National Paralegal College

Understanding the 1890 Warren and Brandeis “The Right to Privacy” Article

Matthew L. Bycer

The Constitution of the United States is a living document. Although written at the birth of our country in a pre-Industrial 18th century, our founding documents were meant to adapt to times of as-yet unknown technology such as phonographs and photographs, telegraphs and telephones, audio-visual recordings and transmission, the digital era and the Internet.

The Declaration of Independence and the Constitution speak of certain inalienable rights, including the right to liberty and the pursuit of happiness. The conclusion must be that if such rights are not directly and explicitly protected by statutes, laws and regulations, these rights must be encompassed by a certain reality of common law. The common law embodies the roots for a right to privacy, a right to be free from harassment and exposure. While some criticize recognition of any right not explicitly declared in our founding documents, disparagingly calling it ‘judicial legislation’ (thereby thwarting the balance of powers by taking the legislature’s role), Warren and Brandeis claim that “the elasticity of our law, its adaptability to new conditions, the capacity for growth, which has enabled [our law] to meet the wants of an ever changing society and to apply immediate relief for every recognized wrong, have been its greatest boast.” (It is important to note that any right to privacy was also subject to the explicit right of Free Speech set forth in the First Amendment of the Bill of Rights.)

Warren and Brandeis were responding to technological developments, notably, the advent of instant photography and audio recordings in the late nineteenth century. This new technology had launched a tabloid industry that profited on the most prurient interests without care to modern morals. The harms of privacy invasion fall into one of four types:

  1. intrusion into one’s private life and affairs;
  2. public disclosure of embarrassing private facts;
  3. unwanted publicity of private individuals; and
  4. misappropriation of a name or likeness for financial advantage.

The article sets forth the basis for reading into the common law as yet identified rights. First identifying the harm, a right of privacy is predicated on mental anguish and feelings, that in and of themselves, were an actionable right to protect.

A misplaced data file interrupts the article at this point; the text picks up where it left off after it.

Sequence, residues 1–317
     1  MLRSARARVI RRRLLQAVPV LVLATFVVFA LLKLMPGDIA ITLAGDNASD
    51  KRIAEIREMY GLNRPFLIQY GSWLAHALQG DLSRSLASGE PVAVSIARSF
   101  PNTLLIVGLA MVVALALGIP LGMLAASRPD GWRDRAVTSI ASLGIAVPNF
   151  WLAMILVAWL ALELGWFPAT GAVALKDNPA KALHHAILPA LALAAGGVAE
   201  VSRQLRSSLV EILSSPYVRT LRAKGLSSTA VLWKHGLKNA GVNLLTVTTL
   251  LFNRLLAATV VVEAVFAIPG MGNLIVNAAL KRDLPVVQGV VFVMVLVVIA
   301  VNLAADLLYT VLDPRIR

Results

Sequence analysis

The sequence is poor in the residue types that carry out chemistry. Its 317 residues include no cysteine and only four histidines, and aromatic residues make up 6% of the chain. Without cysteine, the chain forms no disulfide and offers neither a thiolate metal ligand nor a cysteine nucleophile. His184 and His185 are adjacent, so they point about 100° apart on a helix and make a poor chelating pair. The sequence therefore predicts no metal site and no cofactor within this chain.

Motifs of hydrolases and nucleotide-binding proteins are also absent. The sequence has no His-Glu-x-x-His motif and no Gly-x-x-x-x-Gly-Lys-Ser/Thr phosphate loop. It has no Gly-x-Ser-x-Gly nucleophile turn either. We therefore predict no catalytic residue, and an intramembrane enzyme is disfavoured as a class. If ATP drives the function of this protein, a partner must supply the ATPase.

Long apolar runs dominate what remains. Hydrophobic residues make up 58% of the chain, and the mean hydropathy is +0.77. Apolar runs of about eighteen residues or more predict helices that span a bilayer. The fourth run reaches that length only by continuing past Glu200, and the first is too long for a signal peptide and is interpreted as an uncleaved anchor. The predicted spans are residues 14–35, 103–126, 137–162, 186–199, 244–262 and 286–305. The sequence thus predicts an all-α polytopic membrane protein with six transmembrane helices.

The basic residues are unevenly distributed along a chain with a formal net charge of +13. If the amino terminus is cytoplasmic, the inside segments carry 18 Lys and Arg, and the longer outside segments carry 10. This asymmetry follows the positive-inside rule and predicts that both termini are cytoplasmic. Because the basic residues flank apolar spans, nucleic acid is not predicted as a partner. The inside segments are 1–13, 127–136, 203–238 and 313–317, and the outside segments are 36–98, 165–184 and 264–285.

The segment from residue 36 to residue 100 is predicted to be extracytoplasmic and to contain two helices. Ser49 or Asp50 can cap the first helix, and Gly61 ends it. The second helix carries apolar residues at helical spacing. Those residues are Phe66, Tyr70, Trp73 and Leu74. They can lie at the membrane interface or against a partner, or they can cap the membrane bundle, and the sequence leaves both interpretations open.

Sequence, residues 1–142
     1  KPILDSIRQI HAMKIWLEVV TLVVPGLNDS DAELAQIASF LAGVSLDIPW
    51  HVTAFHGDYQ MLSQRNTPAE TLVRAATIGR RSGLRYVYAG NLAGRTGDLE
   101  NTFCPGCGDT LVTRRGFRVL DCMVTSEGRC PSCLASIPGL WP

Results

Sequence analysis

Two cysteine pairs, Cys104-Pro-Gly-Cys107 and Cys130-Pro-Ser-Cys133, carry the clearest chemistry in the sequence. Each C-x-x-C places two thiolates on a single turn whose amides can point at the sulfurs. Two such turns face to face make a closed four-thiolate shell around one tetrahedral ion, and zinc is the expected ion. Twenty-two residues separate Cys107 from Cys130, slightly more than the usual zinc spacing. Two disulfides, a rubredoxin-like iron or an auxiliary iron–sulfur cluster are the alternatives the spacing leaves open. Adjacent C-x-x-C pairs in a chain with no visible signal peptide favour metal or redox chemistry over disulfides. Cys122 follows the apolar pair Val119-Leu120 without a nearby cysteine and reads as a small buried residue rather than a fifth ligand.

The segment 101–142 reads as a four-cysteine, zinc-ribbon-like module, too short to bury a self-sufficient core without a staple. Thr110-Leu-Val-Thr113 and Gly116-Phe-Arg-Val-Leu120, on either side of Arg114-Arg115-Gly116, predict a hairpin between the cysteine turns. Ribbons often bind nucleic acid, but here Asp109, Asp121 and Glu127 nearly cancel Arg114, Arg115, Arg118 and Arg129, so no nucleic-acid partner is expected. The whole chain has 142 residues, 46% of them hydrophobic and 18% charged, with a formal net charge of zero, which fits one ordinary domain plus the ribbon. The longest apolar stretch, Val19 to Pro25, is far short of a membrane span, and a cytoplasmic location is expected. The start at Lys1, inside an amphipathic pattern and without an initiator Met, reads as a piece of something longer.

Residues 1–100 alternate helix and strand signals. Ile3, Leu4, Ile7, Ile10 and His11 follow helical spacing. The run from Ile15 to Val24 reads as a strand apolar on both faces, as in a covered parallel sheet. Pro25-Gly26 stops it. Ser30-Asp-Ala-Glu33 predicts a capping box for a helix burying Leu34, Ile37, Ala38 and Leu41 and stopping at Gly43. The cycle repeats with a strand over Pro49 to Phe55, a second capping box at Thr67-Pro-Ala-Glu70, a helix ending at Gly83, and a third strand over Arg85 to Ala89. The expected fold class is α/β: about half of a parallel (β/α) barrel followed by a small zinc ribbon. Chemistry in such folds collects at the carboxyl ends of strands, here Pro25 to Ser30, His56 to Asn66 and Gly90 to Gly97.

While slander and libel would stop false representations, they bore no way to stop an invasion of private facts. Copyright law that could protect individual letters had become inadequate/obsolete with the rapidly evolving technology that could disgorge one’s privacy without stealing or copying any tangible items. Rights in property, and even to the exclusive right to control publication of one’s labor, could not express the privacy rights in their entirety, as no property is physically divested. Contract law would not go far enough. A judicial declaration of public morality, private justice, and general convenience would not support a finding for breach of confidence in an implied contract if there were no prior relation between the parties. Criminal law could not be used to enforce privacy rights absent specific legislation that would allow the State to intervene in a “private” civil matter.

Still there must be some sort of privacy right, a right to one’s own personality, or peace of mind, or even the right to be let alone. Therefore, Warren and Brandeis set forth the injuries, potential remedies, and basis for a true right to privacy.

This rule would protect one from publication of one’s private matters with few exceptions:

  1. Privileged communications are the domain of libel/slander;
  2. Speaking gossip and oral communication are outside the purview of privacy rights;
  3. Consent to publication is an outright defense; while
  4. Truth; and
  5. Malice are irrelevant to a breach of privacy action.

As time went on, actions to enforce rights of privacy against individuals were repelled by the rights to free speech and freedom of the Press. As today’s tabloid industry attests, public personas, celebrities and even those thrust into the public debate without their consent or action, must now grapple with a paparazzi bent on exposing their most minute and private facts.

With regard to the right of privacy from the government however, the Supreme Court has recognized Constitutional protections. For instance, in Griswold v. Connecticut, 381 U.S. 479 (1965), the Court envisioned the right to privacy as emanating from the “penumbras” of the Bill of Rights. More recently, the Court, in Lawrence v. Texas, 539 U.S. 558 (2003), discarded the penumbral theory, looking instead to the substantive due process rights guaranteed by the Fourteenth Amendment as a Constitutional basis of the right to privacy.

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Master of Science in Legal Studies
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